Regional Leader's Trip to Sierra Leone: Reflections on Ebola

I’m just returning from a visit in Sierra Leone, visiting our team there working on the Ebola response. I salute their courage, engagement, commitment and perseverance – their contribution to gaining control over Ebola is impressive and highly praised by all actors, be it communities, donors or government!

But Ebola has significantly increased the level of vulnerability of children! It is all the more amazing to see that some things done prior to Ebola have been maintained during the crisis and have made a big difference in limiting the shock Ebola brought. I’m sharing some of these seemingly small things, because we often underestimate them, whilst it is exactly these small things that make the greatest difference in strengthening the resilience of children and their caretakers. I trust that this will encourage you to consider these ‘small’ things as immensely important in your work!

Hand washing:

The number one protection against Ebola is washing hands regularly. Some additional measures are put in place to supportingt it, but hand washing is the most important one. Now hand washing is one of these small things we parents try to teach our kids until it becomes a habit. And promoting hand washing is the single most effective thing one do to cut down numbers of infectious diseases, cases of diarrhea and other things. How much of your time, effort and money do you invest to teach children this essential life skill?

Children’s groups:

Due to the Ebola crisis, all schools in Sierra Leone have been closed. Children who had been part of children’s groups had a solid social network to support them during the crisis. Being able to play & share with friends, having learnt that each child is loved and known by God, having acquired understanding of how to protect themselves and others was a big help to them to better cope with the fear, the boredom, the pain and danger of this experience. Do you make sure all children under your area of responsibility have adequate support through adults and peers by facilitating children’s groups they can attend? Do your best staff/partners work directly with children and does your financial report show that you are giving this the appropriate priority?

Engaging traditional / religious leaders:

Have you understood the role of religious leaders as ‘door keepers’ in your society? Ddo your technical approaches adequately reflect their role in achieving transformation?

Caring for the sick and burying the dead are among the most critical situations in which religious leaders are called upon. During the Ebola crisis, some traditional habits proved to be highly dangerous, but which the prevention messages (with a focus on clinical aspects) were not addressing. But where World Vision engaged with religious and traditional leaders, respecting their role in society, training them and putting them to actually lead the change, resistance melted away, deeply rooted cultural habits were able to be changed and lives were saved.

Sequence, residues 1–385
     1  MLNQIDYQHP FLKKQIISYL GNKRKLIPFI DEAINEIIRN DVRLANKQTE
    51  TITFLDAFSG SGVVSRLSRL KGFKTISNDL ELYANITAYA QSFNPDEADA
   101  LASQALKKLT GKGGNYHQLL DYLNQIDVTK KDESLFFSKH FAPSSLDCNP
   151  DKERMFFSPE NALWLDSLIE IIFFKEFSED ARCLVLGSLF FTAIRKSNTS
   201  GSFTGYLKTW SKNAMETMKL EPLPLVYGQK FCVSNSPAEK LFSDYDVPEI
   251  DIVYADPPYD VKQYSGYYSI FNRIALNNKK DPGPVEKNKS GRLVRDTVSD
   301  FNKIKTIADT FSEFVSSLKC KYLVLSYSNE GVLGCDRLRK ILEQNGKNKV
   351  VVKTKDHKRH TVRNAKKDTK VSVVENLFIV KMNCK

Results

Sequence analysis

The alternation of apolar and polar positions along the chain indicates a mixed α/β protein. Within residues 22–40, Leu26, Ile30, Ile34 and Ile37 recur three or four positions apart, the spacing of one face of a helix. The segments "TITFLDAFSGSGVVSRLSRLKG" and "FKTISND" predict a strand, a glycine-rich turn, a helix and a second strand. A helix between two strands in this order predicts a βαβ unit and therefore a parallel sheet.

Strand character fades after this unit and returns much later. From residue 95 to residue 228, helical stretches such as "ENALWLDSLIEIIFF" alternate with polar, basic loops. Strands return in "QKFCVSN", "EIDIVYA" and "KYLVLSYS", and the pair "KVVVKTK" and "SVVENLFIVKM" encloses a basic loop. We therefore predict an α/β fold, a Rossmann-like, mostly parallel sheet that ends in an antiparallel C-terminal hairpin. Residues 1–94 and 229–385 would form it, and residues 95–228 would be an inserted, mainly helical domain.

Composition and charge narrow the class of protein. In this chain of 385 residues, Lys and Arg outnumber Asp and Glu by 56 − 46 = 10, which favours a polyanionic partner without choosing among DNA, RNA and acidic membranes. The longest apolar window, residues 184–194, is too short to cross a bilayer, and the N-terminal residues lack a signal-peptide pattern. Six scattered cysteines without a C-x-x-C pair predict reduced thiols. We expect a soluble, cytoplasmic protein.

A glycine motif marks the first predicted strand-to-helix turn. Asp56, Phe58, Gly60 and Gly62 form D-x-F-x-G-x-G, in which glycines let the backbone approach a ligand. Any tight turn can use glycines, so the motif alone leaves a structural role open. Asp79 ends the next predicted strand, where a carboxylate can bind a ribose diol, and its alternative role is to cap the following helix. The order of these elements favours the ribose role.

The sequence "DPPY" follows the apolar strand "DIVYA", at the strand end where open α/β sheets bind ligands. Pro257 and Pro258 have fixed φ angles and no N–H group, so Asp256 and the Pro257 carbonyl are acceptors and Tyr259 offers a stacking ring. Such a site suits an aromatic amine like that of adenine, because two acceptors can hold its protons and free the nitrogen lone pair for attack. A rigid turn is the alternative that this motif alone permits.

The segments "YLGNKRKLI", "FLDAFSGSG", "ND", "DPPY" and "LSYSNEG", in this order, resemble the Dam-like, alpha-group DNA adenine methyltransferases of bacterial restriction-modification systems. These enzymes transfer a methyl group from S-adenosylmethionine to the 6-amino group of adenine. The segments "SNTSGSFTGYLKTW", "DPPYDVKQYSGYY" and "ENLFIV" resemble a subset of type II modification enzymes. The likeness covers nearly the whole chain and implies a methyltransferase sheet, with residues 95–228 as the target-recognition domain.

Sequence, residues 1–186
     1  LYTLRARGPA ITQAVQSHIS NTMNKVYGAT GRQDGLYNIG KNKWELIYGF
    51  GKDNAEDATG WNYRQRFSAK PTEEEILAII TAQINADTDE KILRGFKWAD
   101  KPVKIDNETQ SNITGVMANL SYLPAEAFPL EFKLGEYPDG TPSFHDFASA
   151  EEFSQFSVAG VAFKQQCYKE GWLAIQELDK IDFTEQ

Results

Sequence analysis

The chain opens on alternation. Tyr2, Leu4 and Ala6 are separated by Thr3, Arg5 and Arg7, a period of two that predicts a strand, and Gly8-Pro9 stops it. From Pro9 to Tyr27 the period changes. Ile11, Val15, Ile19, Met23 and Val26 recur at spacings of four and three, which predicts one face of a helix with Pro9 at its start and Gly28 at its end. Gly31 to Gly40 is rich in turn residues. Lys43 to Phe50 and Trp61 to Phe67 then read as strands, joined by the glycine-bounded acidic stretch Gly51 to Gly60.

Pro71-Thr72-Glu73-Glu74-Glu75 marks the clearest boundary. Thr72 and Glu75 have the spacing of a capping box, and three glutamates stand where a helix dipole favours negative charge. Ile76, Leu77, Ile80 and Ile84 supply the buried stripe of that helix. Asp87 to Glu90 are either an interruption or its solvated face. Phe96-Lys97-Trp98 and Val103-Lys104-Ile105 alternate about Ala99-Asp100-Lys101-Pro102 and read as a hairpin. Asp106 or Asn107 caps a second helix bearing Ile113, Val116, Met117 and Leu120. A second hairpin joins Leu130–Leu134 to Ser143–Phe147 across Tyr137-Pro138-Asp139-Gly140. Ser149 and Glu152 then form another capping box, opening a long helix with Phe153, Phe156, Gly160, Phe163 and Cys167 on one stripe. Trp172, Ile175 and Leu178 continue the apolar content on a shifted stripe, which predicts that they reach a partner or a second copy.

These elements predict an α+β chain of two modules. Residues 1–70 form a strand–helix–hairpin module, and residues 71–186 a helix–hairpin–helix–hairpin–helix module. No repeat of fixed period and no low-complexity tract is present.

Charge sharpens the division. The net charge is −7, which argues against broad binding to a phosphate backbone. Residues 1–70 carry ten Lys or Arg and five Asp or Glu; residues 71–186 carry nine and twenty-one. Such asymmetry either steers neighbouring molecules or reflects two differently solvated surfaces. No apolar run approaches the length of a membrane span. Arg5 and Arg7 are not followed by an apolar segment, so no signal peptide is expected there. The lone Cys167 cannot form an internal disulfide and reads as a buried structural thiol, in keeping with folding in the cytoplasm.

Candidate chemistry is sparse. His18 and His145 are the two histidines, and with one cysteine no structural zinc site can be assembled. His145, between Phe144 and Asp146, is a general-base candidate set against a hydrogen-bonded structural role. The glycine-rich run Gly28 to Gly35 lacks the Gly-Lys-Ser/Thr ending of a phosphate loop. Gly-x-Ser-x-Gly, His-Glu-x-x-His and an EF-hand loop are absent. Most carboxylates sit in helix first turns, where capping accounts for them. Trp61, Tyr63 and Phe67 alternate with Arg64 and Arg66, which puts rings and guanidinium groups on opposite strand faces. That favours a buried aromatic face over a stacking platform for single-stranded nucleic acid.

Have you understood the role of religious leaders as ‘door keepers’ in your society? Ddo your technical approaches adequately reflect their role in achieving transformation?

Relationships:

In our traditional ADP areas, World Vision Sierra Leone was able to turn infection rates around in record time, because the communities knew and trusted WV. WV was seen as one of them, not as a foreigner coming in to tell them what to do. Messages of necessary behavior change were readily accepted and enforced by local leadership.

Do you and your teams take the necessary time to establish and maintain good relationships with the communities you’re working with? Do they know your name or do they just know the look of the dust behind WV’s big cars speeding through their village?

Savings groups:

Where families were in distress, the social fund came in to support them! And while everybody wonders where families will get the funds from to equip their children once school opens again, members of SGs just smile, as their funds are already secured by their own savings!

Ebola significantly impacted the economic life in Sierra Leone: closed boarders stopped international trade, quarantined villages/households were unable to sell/buy things from outside, weekly markets were banned, bread winners died etc. And yet savings groups (SG) in WV SL were thriving despite the crisis! In the height of the epidemic, numerous requests for new savings groups were brought to WV! Women, men, even children (see picture) organized themselves in savings groups. Many mothers were able to buy and resell firewood or similar things through a loan from the SG and make ends meet through it. While the social tissue of communities was seriously damaged by Ebola, SGs maintained the cohesion of its members. Where families were in distress, the social fund came in to support them! And while everybody wonders where families will get the funds from to equip their children once school opens again, members of SGs just smile, as their funds are already secured by their own savings!

Do you and your programs appropriate understand the significant role which SGs play to strengthen the resilience of households? Do you make sure that the children ‘under your care’ are less vulnerable in times of shocks because they and their care givers are members of savings groups?

Remember:

Don’t underestimate the huge difference small things can make if you scale them up to benefit all children!

Esther Lehmann-Sow, Regional Leader World Vision West Africa